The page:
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15 Cards in this Set

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Cough Illness/Bronchitis
Evidence that children with cough for 10 days should not be treated with antimicrobial agents is presented. Older children with prolonged cough or those with underlying lung disease may benefit from antimicrobial treatment directed specifically at B pertussis, M pneumoniae, C pneumoniae, P aeruginosa, or other specific infections. None of the routinely prescribed cephalosporin or amino penicillin antimicrobials would be effective for these organisms. Noninfectious diagnosis should be sought in children with markedly prolonged cough.
Acute Bronchitis: (Uncomplicated)
1. The evaluation of adults with an acute cough illness or a presumptive diagnosis of uncomplicated acute bronchitis should focus on ruling out serious illness, particularly pneumonia. 2. Routine antibiotic treatment of uncomplicated acute bronchitis is not recommended, regardless of duration of cough. If pertussis infection is suspected (an unusual circumstance), a diagnostic test should be performed and antimicrobial therapy initiated.

3. Patient satisfaction with care for acute bronchitis depends most on physician–patient communication rather than on antibiotic treatment.
Common Cold
Most children will suffer between 3 and 8 colds per year, and over half of patients seen for the common cold are given an antimicrobial prescription. Unnecessary antimicrobial therapy can be avoided by recognizing the signs and symptoms that are part of the usual course of these diseases. antimicrobial therapy for patients with viral rhinosinusitis is not an effective way to prevent bacterial complications. Mucopurulent rhinitis (thick, opaque, or discolored nasal discharge) frequently accompanies the common cold and is part of the natural course of viral rhinosinusitis. It is not an indication for antimicrobial treatment unless it persists without improvement for >10 to 14 days.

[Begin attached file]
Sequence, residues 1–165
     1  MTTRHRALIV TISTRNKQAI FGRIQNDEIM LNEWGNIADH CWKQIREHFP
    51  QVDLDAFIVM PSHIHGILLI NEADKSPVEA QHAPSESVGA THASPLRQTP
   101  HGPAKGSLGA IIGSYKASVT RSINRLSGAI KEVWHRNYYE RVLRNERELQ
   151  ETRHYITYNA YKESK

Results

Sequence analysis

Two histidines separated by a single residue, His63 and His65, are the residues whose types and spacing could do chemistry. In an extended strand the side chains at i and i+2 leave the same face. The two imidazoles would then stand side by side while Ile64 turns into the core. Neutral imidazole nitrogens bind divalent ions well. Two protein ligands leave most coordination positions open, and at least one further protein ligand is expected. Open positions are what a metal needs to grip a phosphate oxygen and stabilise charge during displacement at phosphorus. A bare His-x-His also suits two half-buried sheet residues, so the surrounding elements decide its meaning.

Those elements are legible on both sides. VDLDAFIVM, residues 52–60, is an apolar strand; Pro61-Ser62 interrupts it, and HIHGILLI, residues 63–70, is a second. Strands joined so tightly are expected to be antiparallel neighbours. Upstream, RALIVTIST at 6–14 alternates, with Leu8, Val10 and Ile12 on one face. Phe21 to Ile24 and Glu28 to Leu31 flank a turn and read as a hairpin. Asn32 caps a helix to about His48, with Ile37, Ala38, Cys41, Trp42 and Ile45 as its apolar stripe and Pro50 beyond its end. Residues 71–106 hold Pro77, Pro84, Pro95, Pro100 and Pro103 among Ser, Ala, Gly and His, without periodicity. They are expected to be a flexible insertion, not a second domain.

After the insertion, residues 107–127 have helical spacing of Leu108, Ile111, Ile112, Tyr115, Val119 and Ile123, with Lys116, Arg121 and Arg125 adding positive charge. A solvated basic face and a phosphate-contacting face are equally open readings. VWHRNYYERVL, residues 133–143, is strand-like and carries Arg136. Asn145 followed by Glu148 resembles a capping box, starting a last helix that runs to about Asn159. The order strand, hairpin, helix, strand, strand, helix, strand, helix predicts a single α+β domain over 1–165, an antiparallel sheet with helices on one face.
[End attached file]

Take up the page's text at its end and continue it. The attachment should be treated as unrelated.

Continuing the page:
Otitis Media
Otitis media is the leading indication for outpatient antimicrobial use in the United States. Overdiagnosis of and unnecessary prescribing for this condition has contributed to the spread of antimicrobial resistance. A critical step in reducing unnecessary prescribing is to identify the subset of patients who are unlikely to benefit from antibiotics. Conscientiously distinguishing acute otitis media (AOM) from otitis media with effusion (OME), and deferring antibiotics for OME will accomplish this goal, and will avoid up to 8 million unnecessary courses of antibiotics annually.
Pharyngitis
Accurate diagnosis of group A streptococcal pharyngitis and appropriate antimicrobial therapy are important, particularly to prevent nonsuppurative sequelae such as rheumatic fever. Most episodes of sore throat, however, are caused by viral agents. Clinical findings cannot reliably differentiate streptococcal from viral pharyngitis and most physicians tend to overestimate the probability of a streptococcal infection based on history and physical examination alone. Therefore, diagnosis should be based on results of a throat culture or an antigen-detection test with throat culture backup. Presumptively starting therapy pending results of a culture is discouraged because treatment often continues despite a negative test result. Other bacterial causes of pharyngitis are uncommon and often can be diagnosed based on nonpharyngeal findings. Penicillin remains the drug of choice for streptococcal pharyngitis because of its effectiveness, relatively narrow spectrum, and low cost.